First day in the office


Glanzer said effective leadership is all about relationships—an admonition he has borrowed, surprisingly enough for the leader of a college with a pacifist tradition, from a former Army chief of staff.

“You must love those you lead to be an effective leader,” Glanzer said, quoting the words Gen. Eric Shineski spoke upon his retirement. “You can certainly command without that sense of commitment, but you cannot lead without it. And without leadership, command is a hollow experience, a vacuum often filled with mistrust and arrogance.”

Glanzer knows leadership. It was the focus of his doctor of ministry program at Fuller Theological Seminary. In an interview with the Free Press, he identified leadership as one of two key strengths he brings to his new role.

“I learned leadership at George Fox,” Glanzer said, referring to George Fox Evangelical Seminary, Portland, Ore., where he had been serving as dean since 2001 prior to coming to Tabor.

But learning leadership has been more than an academic exercise. During his time at George Fox, Glanzer played a key role in helping transform the school’s direction from decline to growth.

JulesGlanzer1stDayVFDSCF021.jpg
JulesGlanzer1stDayVFDSCF021.jpg

After Glanzer’s remarks and some refreshments, Tabor professor Bill Kostlevy (far right) and fellow faculty members offered Glanzer and wife Peggy some lighthearted “tools” they will need in their new roles. Tabor College photo.

“Tabor doesn’t need fixing,” Glanzer was quick to add. “Larry Nikkel has built the foundation, and my role is to build upon it.”

Glanzer said his only other “real qualification” to be president of Tabor College is that he is “a Tabor person.” He graduated from the college in 1974 with a degree in business administration.

He and wife Peggy saw each of their three children earn degrees there, too.

“I owe a lot to the faculty and staff and coaches here for the impact they’ve had on my family,” he said.

As president, Glanzer hopes to begin paying on that debt.

“One thing I want to do as president is to help create an environment where faculty can thrive,” he said.

Part of that is to enhance faculty salaries, which he called “an embarrassment.” But it goes beyond that.

“A lot goes into that kind of workplace,” he said. “I think that much of it is already here.”

Glanzer said improving salaries, resources and opportunities for faculty will require additional revenue streams.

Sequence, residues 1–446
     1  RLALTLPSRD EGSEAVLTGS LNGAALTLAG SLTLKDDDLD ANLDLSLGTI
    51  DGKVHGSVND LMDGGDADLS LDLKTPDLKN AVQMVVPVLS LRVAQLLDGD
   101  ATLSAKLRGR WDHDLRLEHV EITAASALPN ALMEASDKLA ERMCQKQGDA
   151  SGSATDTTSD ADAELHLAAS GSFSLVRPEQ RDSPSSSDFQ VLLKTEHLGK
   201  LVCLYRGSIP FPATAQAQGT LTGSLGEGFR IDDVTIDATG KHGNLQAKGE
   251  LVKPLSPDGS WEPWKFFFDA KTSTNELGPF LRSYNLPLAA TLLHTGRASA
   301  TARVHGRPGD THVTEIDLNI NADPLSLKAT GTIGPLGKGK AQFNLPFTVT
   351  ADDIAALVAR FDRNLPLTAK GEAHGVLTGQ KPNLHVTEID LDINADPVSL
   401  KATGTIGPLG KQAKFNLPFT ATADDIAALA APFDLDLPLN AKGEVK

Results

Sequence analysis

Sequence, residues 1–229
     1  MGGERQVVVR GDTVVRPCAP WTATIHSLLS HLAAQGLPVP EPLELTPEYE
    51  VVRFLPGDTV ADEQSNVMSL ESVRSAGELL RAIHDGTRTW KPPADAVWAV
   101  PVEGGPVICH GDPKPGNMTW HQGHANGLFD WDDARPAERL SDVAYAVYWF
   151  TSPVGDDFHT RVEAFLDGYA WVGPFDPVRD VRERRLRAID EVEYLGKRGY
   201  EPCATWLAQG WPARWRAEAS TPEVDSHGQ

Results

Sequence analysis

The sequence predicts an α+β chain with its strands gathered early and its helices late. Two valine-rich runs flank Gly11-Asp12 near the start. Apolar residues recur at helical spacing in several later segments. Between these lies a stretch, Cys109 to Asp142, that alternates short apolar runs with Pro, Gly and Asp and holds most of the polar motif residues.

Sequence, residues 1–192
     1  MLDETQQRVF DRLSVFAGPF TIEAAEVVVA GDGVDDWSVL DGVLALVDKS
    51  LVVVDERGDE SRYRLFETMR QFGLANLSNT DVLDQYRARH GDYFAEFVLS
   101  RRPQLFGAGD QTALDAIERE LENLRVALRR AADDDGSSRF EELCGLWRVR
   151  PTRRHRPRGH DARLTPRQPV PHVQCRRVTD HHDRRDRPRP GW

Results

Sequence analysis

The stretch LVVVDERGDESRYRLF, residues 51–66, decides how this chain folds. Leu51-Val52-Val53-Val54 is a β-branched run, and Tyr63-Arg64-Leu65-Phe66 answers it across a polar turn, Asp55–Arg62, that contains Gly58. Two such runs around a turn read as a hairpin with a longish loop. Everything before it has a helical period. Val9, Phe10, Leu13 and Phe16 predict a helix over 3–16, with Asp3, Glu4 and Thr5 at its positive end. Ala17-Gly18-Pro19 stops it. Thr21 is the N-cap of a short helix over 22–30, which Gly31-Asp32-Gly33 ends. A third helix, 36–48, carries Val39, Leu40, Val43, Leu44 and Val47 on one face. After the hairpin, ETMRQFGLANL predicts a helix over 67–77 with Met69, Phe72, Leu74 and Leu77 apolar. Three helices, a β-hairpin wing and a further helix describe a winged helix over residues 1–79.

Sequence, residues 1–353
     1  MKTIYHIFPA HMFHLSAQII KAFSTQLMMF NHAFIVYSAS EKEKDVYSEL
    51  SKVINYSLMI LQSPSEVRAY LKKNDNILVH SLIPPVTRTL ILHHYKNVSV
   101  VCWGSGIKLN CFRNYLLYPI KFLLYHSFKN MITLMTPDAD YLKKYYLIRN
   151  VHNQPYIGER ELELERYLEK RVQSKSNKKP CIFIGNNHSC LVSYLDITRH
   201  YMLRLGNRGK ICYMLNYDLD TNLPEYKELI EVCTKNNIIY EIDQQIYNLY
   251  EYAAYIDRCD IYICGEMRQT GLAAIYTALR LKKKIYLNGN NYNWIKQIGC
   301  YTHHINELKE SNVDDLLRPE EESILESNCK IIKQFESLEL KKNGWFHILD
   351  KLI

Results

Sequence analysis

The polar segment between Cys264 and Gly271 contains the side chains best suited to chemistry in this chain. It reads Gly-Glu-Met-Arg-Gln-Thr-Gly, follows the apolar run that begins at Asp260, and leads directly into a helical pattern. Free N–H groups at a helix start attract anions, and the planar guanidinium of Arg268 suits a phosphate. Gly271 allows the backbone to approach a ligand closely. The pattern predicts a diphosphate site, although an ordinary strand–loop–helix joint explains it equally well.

He sees possibilities, such as identifying a “hot” new major that will attract additional students, further developing the college’s Center for Adult and Graduate Studies in Wichita, and expanding the college’s delivery system to include online courses.

Glanzer said other challenges that drew him to the college were in the areas of technology, globilization, the missional church—all arenas in which he worked during his time at George Fox.

For all those reasons and more, Glanzer sees his call to the presidency—as unexpected as it was—as “a God-arranged thing.”

“My six and a half years at George Fox gave me experience in some of the things Tabor is looking for,” he said.

Prior to starting his career in academia, he said, working nearly a quarter century as a pastor and church planter with the Mennonite Brethren and Evangelical Covenant denominations taught him to love people, hone his communication skills and broaden his connections in the evangelical church.

“I feel like I’ve been prepared for such a time as this,” he said.

That said, Glanzer is quick to add that he has a lot to learn about his new assignment.

“I am a rookie,” he said. “I believe God has prepared me for this new role, but the truth is I’ve never done it before.”

Glanzer said he is “thrilled” that his predecessor has agreed to mentor him over the next several months. In addition, Glanzer has already attended one seminar for new college presidents and is planning to attend more.

Given his inexperience and the fallibility of human nature in general, Glanzer said he knows he will make his share of mistakes along the way. At Friday’s gathering, he asked faculty and staff to be understanding, patient and forgiving.

“I ask you to give me the benefit of the doubt,” he said, “and to speak openly and honestly directly to me. Talking to others about my mistakes will not help correct them.”

Glanzer promised them the same courtesy—and more.

“I want to make Tabor College a place where people love to work and serve and thrive,” he said. “My job is to help you be successful, to help you reach the stars. That’s our starting point.”


Leave a Comment

You must be logged in to post a comment.